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Michigan cherry farmers file trade dispute case with Turkey

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Max Johnston
/
Interlochen Public Radio

U.S. cherry farmers filed a legal case against the country of Turkey on Tuesday. They say Turkey subsidizes their cherries so much that they can sell some products for half the price of domestic ones.

Cherry farmers in the U.S. have already spent $2 million on the case, which is filed with the U.S. Department of Commerce. The Commerce Department will investigate Turkey's subsidies and could levy tariffs on their cherries to offset the price difference.

Cherry grower Don Gregory says farmers can't compete with these cheap foreign imports.

"We're in a life [or] death situation when it comes to dried cherries in the United States," Gregory said.

The announcement came as U.S. Sen. Gary Peters (D-Mich.) visited a cherry processing plant in Williamsburg. Last month, he introduced a bill that would make the Commerce Department go after unfair practices in the cherry trade. Peters says that bill is currently in committee.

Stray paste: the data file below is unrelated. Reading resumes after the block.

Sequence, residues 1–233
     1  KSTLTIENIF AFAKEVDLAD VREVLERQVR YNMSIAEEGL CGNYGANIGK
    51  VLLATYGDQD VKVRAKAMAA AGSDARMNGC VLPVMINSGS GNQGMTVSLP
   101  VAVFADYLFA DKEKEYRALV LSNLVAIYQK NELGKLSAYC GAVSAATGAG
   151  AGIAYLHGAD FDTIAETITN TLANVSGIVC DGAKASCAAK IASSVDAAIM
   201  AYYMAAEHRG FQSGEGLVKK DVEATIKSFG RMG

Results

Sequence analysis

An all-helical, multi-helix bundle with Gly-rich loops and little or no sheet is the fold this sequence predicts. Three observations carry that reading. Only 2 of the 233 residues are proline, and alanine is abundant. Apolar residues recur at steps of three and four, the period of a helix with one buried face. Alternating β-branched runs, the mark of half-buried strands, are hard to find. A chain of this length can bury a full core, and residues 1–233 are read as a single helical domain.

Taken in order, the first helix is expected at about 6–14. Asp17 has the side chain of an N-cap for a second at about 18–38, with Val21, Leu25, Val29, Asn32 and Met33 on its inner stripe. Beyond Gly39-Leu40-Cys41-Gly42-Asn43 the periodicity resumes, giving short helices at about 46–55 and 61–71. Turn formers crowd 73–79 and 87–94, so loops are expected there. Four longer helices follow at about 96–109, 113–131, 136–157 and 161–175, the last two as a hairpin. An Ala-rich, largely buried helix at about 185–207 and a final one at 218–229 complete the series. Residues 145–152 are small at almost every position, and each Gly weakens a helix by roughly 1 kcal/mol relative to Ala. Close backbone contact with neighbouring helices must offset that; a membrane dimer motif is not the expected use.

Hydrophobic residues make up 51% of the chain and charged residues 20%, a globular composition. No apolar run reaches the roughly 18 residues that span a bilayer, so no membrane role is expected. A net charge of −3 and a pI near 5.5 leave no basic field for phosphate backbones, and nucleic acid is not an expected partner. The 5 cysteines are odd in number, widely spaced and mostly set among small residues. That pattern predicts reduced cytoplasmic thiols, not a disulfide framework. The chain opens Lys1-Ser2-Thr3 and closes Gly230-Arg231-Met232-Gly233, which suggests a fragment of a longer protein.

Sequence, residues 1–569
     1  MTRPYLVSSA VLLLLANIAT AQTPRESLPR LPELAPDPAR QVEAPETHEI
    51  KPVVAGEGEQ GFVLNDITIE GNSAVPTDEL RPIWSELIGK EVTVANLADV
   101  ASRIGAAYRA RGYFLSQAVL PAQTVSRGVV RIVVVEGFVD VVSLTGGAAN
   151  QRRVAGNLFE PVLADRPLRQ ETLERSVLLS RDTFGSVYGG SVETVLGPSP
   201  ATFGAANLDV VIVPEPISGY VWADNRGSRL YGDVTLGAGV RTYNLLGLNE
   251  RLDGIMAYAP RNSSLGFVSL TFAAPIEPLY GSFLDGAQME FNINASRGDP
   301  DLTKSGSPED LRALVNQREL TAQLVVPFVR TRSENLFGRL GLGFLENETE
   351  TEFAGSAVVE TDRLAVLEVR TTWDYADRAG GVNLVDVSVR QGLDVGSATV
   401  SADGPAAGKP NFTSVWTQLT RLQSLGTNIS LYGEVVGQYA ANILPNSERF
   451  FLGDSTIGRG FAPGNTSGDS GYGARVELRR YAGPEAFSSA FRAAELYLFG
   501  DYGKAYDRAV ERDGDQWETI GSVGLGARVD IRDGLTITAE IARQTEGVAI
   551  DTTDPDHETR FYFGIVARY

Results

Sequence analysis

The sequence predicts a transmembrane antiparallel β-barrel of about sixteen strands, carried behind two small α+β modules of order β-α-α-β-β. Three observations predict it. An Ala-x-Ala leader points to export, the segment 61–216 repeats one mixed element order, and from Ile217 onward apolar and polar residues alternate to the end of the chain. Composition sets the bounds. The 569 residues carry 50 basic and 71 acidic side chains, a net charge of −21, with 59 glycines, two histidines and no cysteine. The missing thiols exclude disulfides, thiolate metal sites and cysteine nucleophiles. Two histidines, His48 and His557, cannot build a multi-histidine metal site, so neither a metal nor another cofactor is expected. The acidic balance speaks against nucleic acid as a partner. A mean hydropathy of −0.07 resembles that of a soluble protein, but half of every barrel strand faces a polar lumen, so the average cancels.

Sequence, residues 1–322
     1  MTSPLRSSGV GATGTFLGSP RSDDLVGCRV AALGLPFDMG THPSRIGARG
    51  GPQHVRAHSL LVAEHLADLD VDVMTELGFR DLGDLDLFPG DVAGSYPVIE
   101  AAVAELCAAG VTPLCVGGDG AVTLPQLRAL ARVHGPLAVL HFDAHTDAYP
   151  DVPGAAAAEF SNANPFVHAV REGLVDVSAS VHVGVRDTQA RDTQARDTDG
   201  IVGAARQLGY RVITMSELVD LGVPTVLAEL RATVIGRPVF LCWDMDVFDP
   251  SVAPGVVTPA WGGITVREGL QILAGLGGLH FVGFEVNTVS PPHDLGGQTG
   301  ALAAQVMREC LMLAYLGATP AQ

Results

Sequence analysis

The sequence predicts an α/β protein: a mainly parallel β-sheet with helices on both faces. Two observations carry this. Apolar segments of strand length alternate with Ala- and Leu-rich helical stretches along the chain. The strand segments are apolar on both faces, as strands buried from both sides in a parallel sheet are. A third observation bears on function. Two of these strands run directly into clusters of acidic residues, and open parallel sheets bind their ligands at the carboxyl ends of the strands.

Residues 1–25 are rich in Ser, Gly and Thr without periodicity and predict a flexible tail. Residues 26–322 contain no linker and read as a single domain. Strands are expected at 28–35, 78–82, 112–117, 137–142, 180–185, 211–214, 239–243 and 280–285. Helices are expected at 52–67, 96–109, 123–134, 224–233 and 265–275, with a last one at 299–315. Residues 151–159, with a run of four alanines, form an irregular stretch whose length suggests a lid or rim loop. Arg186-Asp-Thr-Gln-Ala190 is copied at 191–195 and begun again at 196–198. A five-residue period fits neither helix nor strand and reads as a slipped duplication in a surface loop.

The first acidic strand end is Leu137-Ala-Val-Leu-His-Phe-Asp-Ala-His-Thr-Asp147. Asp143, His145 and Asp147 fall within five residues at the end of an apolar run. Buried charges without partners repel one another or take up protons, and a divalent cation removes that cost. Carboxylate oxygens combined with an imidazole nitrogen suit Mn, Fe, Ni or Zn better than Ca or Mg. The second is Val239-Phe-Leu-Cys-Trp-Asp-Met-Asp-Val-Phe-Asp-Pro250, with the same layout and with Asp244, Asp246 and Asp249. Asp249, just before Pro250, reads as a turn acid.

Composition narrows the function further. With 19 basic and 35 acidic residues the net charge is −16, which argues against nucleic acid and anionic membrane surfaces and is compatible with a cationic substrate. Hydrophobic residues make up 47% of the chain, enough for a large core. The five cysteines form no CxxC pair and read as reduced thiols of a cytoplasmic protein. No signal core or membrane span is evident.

"Local cherry farmers have come together to do an action, but it cost millions of dollars," Peters said. "That's why it's important to get legislation to help small manufacturers ... stand up against countries that are engaged in unfair trade activity."

Turkish cherries have flooded U.S. markets since 2012. As of 2016, the U.S imports more than 200 million pounds of Turkish cherry products each year.

Max came to IPR in 2017 as an environmental intern. In 2018, he returned to the station as a reporter and quickly took on leadership roles as Interim News Director and eventually Assignment Editor. Before joining IPR, Max worked as a news director and reporter at Michigan State University's student radio station WDBM. In 2018, he reported on a Title IX dispute with MSU in his story "Prompt, Thorough and Impartial." His work has also been heard on Michigan Radio, WDBM and WKAR in East Lansing and NPR.